The Developmental Biology Program at Stanley Manne Children’s Research Institute focuses on mechanisms of genetic fate in early human development. Using computer, cellular and animal models, this team examines pattern formation, the process by which cells organize to form structures that develop into a normal body.
Our scientists are examining several key aspects of signal transduction, the method by which protein signals outside a cell cause changes in gene expression inside the cell nucleus. These signals are critical to normal development. Studying them allows scientists to uncover and understand the disturbances and disruptions in genes during development that may cause birth defects, cancer and other childhood diseases.
In addition to mentoring undergraduate and graduate students, medical students, and postdoctoral and clinical fellows in the their labs, many of the Developmental Biology Program faculty members also teach in the Walter S. and Lucienne Driskill Graduate Training Program in Life Sciences at Northwestern University.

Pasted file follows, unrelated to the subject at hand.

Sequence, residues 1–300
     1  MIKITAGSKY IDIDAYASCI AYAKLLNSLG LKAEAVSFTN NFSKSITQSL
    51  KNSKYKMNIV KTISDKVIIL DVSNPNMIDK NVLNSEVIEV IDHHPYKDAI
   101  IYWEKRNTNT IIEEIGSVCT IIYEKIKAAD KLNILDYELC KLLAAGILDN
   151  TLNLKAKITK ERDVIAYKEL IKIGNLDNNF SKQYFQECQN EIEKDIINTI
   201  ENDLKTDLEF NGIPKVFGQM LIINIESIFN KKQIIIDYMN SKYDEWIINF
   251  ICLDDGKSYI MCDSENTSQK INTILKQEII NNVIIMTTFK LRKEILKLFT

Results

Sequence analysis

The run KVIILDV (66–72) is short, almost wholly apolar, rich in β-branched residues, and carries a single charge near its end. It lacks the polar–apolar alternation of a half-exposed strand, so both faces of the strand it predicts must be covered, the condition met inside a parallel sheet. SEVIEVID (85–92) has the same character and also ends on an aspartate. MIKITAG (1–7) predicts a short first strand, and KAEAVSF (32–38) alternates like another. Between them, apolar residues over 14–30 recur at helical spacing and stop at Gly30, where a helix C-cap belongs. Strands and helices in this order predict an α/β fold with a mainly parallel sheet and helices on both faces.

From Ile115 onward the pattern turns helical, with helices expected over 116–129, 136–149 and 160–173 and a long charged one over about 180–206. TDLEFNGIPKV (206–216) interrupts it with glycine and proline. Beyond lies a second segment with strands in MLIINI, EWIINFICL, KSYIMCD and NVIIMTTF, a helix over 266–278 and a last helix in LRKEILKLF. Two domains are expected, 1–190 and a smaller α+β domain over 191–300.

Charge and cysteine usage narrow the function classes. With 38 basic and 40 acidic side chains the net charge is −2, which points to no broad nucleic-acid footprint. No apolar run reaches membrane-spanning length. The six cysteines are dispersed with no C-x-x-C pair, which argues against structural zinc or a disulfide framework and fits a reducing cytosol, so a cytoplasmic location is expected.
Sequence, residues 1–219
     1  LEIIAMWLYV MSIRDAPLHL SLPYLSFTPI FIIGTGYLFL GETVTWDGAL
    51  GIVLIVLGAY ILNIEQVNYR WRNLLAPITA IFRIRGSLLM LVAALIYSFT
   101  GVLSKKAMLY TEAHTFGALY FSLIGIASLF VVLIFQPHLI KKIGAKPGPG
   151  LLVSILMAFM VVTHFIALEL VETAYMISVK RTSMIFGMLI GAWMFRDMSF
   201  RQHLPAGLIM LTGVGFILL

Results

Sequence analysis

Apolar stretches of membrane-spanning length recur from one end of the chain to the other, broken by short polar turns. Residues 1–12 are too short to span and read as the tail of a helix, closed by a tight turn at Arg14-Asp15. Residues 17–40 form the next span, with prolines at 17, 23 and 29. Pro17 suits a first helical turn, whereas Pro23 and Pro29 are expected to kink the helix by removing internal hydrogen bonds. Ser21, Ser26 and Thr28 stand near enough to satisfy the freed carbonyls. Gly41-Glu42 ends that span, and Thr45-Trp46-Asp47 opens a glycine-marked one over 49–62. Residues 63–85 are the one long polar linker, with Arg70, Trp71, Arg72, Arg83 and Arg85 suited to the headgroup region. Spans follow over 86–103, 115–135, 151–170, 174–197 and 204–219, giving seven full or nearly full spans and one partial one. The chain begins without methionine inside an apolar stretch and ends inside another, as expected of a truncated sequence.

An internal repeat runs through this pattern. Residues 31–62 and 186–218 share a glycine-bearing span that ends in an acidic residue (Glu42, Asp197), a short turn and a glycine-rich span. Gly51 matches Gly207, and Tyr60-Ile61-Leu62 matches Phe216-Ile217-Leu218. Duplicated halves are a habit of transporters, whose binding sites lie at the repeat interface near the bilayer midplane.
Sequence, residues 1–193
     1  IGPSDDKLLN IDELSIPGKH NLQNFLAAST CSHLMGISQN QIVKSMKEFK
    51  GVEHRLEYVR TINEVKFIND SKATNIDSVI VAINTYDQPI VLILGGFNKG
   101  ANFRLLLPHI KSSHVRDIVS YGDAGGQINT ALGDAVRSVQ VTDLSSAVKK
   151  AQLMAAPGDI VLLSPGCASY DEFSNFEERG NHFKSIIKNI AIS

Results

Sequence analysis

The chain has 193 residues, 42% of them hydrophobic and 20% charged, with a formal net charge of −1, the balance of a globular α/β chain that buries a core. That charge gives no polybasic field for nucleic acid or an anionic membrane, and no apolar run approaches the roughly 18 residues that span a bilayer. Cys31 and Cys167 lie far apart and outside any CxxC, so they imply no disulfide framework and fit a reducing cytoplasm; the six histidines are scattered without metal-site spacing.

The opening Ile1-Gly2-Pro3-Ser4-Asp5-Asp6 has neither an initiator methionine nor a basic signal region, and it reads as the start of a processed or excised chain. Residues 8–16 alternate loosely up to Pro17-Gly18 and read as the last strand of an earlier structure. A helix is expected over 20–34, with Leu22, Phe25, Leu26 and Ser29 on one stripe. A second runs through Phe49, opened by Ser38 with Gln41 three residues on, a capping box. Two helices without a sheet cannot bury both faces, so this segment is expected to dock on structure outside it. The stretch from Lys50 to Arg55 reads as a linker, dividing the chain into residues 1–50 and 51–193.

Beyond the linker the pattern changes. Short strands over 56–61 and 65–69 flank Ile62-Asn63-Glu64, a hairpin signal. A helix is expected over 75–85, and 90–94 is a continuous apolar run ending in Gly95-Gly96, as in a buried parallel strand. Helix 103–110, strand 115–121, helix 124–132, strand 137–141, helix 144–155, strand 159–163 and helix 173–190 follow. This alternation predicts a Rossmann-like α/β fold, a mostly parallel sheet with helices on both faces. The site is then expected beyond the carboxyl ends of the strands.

Our laboratories are devoted to understanding the genetic mechanisms that underlie pattern formation and cell fate specification during development. The areas of particular interest include signal transduction pathways, transcription factor networks, and morphogenetic movements.
We utilize a variety of model systems, including newt, chick, zebrafish, mouse and rat. Embryo manipulation, imaging (including live cell imaging with multiphoton laser scanning microscopy), gene expression profiling, genomics, in situ hybridization and many other tools are applied to experiments that range from limb regeneration to genetic manipulation to cloning in pursuit of new knowledge.